However, there seems to be a marked shift in the current political discourse on environment and is worth close scrutiny. The remarkably high level of attention being paid does not evade notice. This is not only embedded in the fact that a Chinese vice-premier now heads the special task force for air pollution and food safety, but also how different the leaders are beginning to view environmental issues in general.

Starting with the new administration, the authorities have already begun to frame the delivery of a better environment and safe food as part of their priority mandate – something almost exclusively reserved for economic growth before. As a matter of fact, last week a commentary on Xinhua, the official news agency, went so far as to claim air pollution “undermined the realisation of the Chinese dream” – putting environmental degradation in close association with one of the most popular official propaganda terms coined to strengthen regime legitimacy.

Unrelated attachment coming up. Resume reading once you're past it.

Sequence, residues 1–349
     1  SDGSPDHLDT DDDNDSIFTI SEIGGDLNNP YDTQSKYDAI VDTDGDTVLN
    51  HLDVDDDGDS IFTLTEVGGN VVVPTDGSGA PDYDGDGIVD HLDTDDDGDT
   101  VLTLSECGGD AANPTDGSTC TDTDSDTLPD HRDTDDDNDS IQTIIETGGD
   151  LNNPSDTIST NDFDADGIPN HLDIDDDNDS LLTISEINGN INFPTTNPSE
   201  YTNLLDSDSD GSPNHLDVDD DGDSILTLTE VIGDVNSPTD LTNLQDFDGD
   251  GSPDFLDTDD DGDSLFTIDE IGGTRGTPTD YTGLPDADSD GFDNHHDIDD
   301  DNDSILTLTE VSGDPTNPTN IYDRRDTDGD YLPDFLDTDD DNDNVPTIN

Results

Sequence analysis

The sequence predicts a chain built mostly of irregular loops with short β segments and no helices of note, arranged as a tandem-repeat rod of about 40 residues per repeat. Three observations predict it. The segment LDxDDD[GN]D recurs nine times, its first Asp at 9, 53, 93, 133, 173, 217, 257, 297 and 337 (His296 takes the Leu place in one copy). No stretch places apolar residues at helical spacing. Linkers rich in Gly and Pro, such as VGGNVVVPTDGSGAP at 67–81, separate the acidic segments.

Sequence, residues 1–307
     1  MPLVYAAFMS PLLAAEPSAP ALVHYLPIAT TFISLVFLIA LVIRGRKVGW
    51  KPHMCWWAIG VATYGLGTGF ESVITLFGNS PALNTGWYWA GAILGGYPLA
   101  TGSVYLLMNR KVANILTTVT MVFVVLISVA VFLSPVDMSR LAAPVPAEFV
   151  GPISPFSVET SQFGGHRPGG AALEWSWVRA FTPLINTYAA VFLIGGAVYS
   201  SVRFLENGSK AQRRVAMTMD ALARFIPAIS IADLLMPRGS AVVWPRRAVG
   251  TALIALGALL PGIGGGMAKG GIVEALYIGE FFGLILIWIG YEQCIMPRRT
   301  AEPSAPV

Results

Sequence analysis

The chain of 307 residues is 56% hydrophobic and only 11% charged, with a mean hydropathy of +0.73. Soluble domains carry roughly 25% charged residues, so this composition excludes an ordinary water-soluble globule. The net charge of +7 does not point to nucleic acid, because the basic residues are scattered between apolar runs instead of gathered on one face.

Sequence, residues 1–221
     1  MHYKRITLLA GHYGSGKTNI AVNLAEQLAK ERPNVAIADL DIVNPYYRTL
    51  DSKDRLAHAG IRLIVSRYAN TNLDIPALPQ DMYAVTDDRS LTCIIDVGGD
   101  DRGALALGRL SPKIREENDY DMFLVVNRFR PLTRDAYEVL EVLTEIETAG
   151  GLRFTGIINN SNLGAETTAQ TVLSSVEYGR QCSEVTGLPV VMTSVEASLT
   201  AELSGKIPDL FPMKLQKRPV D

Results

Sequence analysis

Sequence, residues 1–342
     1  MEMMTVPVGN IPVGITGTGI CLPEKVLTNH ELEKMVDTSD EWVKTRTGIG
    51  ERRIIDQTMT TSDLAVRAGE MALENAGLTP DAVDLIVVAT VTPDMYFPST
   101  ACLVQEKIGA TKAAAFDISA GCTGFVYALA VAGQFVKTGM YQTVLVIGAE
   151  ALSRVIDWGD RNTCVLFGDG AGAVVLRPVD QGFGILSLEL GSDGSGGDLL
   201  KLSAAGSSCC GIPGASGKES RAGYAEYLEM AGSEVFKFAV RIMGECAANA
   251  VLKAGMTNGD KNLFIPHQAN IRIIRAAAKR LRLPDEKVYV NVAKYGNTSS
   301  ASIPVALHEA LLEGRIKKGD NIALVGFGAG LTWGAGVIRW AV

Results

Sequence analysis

However, the move may prove itself no easy task. Years of extensive growth has left its deeply entrenched interests. The new leader’s campaign has yet to touch the sensitive areas. How will the provinces and powerful state owned companies perceive and implement the initiatives? Is there enough long term vision and willingness even if the green pushes result in some short term pain? Will sufficient monitoring and compliance schemes be put in place to secure the authenticity of the outcome? Is the central government prepared for the local resistance and willing to engage with further political capitals? These are still grand puzzle pieces key to reassembling the “beautiful China” the government pledged to deliver to its citizens.

We may have to wait some time to see the real turnout but one thing is already crystal clear: environmental protection and sustainable development is no longer as simple as the typical Chinese way of putting it – “green mountain and clean water”, it represents the ultimate test this administration will have to face. And by dealing with many of the fundamental challenges – accommodating public opinion and civil society, information transparency, law enforcement, institutional reform, and a shift of development mentality – environmental protection certainly becomes larger than itself – it stands at the forefront of the urgently needed social reforms of the country and will be one of the few early testimonials of the government’s ability to cope with the daunting challenges ahead.

Image © Fan Jing Cheng / Greenpeace